Scaling Up Ceramic 3D Printing For Dentistry

By on July 1st, 2020 in Usage

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Ceramic and metal 3D prints under the microscope at XJet’s AM Center in Rehovot, Israel [Image: Fabbaloo]

The dental industry is a major user of ceramic 3D printing, and a new global partnership is set to see applications move from concept through to production.

Israel-based XJet has been making quite a name for itself these last few years with its leading work in metal and ceramic (and even metal-and-ceramic) 3D printing. Their Carmel 1400 AM System is a thing of beauty, really, inasmuch as a piece of industrial equipment can be. The system offers NanoParticle Jetting (NPJ) technology with powderless materials contained in easy-to-handle cartridges, including the support material. The efficiency of the system and impressive results possible with NPJ have established XJet as a company with a solid niche in ceramic 3D printing across a variety of applications.

Among the top applications for ceramic 3D printing is dentistry. And it is here that a recent announcement comes into play.

XJet x Straumann

Removing soluble supports from ceramic 3D printed parts in a nice ‘bath’ at the AM Center [Image: Fabbaloo]

Switzerland-based Straumann Group is partnering with XJet to scale up its use of NPJ ceramic 3D printing.

Straumann, an early NPJ adopter, turned to ceramic 3D printing to enhance its dental work, including the development, manufacturing, and supply of dental implants, instruments, and more for replacement, restorative, orthodontic, and preventive dentistry.

Straumann VP Stephan Oehler explains of the company’s history with the technology and reasoning for expanding on this usage:

 “We’ve been working with XJet NanoParticle Jetting technology for some time, up to now it has been used for developing product iterations and providing proof of concept. Now we’re scoring the first product development project to reach the next level of bringing this technology to production of ceramic end-use parts. We believe this technology can scale-up for production effectively, there’s a large print bed and with the soluble support material we find post-processing simple and efficient.”

The company’s primary reasons for adopting the Carmel system into use include:

  • Part accuracy
  • Part density
  • Shorter overall production cycles
  • Soluble support material

We’ve had the opportunity to get hands-on with many ceramic parts from XJet; I’ve travelled to Israel to see their $10M Additive Manufacturing Center, checking out machines running and the NPJ process, from loading cartridges to submerging parts to remove the soluble supports. Basically, Straumann’s reasonings resound with the results I’ve seen first-hand.

Straumann 3D Printing Strategy

The zirconia Straumann PURE implant [Image: Straumann]

It’s important to note the differentiating characteristics for XJet, as the company continues to set itself apart. Dental leaders like Straumann are themselves by now often familiar with how 3D printing can help their business — so it’s interesting to see their perspective of why to select NPJ and deepen that commitment.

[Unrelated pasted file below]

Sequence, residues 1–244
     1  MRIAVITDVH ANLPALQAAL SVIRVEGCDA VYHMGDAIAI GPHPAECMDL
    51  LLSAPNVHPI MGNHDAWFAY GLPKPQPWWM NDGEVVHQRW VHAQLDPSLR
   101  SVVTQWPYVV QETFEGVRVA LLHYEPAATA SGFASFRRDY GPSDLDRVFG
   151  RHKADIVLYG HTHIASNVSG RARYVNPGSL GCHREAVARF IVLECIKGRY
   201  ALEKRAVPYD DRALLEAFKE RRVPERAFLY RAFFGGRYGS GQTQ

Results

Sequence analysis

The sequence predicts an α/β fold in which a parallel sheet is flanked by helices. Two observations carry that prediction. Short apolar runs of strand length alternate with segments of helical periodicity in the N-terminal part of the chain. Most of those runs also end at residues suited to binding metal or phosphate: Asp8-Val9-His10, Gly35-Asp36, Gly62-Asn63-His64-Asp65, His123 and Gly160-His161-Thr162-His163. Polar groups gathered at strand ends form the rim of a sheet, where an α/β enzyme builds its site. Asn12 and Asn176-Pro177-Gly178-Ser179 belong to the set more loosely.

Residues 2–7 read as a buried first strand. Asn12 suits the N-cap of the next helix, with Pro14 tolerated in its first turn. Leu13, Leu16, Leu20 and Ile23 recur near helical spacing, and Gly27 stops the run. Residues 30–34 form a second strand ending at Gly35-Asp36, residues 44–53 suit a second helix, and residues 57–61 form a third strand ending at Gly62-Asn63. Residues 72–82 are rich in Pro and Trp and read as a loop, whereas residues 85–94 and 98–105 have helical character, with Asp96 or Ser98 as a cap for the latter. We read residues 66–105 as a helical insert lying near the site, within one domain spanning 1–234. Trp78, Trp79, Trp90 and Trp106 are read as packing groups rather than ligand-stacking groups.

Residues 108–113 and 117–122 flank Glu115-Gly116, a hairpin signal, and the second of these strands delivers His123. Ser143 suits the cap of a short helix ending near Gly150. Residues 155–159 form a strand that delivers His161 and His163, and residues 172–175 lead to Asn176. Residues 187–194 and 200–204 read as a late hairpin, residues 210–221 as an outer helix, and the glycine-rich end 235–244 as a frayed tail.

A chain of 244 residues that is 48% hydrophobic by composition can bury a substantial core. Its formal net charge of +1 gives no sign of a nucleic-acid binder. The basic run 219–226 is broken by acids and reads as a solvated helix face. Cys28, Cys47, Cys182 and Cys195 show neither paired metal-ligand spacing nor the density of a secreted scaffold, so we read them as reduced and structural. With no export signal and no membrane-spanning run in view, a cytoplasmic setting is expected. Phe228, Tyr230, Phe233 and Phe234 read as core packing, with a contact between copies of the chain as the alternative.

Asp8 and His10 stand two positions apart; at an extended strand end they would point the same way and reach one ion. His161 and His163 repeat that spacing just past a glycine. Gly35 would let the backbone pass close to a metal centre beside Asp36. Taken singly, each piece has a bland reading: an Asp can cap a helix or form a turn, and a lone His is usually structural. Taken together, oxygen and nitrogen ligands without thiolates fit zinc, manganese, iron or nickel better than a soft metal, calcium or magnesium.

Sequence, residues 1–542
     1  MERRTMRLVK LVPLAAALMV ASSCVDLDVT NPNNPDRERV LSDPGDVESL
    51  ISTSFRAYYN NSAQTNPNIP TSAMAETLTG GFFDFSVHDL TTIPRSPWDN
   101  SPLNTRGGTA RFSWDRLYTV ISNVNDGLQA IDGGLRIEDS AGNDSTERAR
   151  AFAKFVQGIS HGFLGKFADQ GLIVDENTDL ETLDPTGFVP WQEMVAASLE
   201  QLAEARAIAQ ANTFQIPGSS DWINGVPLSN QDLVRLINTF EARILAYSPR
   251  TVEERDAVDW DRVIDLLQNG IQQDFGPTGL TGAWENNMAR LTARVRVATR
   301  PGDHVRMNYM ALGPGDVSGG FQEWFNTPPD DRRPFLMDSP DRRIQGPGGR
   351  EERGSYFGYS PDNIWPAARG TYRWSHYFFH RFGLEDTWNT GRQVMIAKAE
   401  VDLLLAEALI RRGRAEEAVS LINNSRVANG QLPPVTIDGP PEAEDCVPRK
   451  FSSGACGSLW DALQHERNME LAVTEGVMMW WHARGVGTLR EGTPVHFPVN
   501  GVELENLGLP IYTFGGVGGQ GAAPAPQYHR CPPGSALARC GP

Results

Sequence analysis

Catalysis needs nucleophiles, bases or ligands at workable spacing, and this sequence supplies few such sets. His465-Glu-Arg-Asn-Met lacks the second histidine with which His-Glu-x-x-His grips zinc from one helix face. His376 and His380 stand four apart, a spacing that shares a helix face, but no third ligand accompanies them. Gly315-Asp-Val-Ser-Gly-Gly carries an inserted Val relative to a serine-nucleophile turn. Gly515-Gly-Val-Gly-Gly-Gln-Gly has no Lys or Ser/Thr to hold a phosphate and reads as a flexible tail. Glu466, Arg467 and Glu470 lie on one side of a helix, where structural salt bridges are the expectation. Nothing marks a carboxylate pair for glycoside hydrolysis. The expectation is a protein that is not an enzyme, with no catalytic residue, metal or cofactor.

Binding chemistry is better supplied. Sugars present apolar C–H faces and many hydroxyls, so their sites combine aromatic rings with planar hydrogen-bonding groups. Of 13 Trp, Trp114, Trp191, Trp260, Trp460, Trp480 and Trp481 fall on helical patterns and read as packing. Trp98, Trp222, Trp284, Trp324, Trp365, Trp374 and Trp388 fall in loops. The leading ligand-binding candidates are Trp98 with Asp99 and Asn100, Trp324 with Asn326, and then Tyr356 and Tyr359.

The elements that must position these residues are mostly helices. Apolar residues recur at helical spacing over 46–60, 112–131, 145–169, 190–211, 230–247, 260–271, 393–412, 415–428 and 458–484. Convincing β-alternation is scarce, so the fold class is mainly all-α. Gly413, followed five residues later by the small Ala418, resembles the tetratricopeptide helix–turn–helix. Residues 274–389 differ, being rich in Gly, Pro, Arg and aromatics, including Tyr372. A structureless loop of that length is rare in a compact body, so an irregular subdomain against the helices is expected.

“We’re well-versed with the benefits of AM, so we knew that the freedom of design and complex geometries delivered by the technology, now for ceramic materials, could open up new product and application possibilities for the business,” Philippe Chavanne, Head New Technology Competence Center, said.

Indeed, so familiar is the Straumann team with 3D printing that they offer their own CARES P-Series line of 3D printers for dental labs. These seem to use resin materials — but that’s not all that Straumann needs for its work. The company’s PURE implant, for example, is made of ceramic/zirconia material; they’ve shared an in-depth look at the science behind using zirconia rather than the more common titanium in this application here. Zirconia, as it happens, is a perfect fit for 3D printing with XJet’s technology.

“We work with ceramic in a lot of our products, so when we learned there was a new technology in the field, we looked into it. XJet convinced us with the quality of parts, the fine details and accuracy. In addition to that, the density of the material is extremely high, close to 100%, so it’s not like working with an ‘AM material’,” said Chavanne.

Fitting NPJ into the Straumann workflow fits neatly as well with XJet’s history of letting the customer drive the way ahead. NPJ usage, as XJet CEO Hanan Gothait has told me, “is all coming from our customers.” XJet is highly invested in seeing its additive manufacturing process and applications evolve, as CBO Dror Danai has underscored in other conversations.

Uninterrupted Dental 3D Printing

Another important point in Straumann’s NPJ adoption: timing.

Obviously 2020 has been a difficult operating environment for many businesses around the world due to the global novel coronavirus pandemic. But, as it turns out, COVID-19 hasn’t slowed Straumann’s use of its Carmel system down at all.

“There’s already a demand for the ceramic parts produced on the Carmel 1400, and social distancing is viable because operation of the system is very simple, so we’ve been able to keep the system running even through the global pandemic,” said Oehler.

Via XJet

By Sarah Goehrke

Sarah Goehrke is a Special Correspondent for Fabbaloo, via a partnership with Additive Integrity LLC. Focused on the 3D printing industry since 2014, she strives to bring grounded and on-the-ground insights to the 3D printing industry. Sarah served as Fabbaloo's Managing Editor from 2018-2021 and remains active in the industry through Women in 3D Printing and other work.

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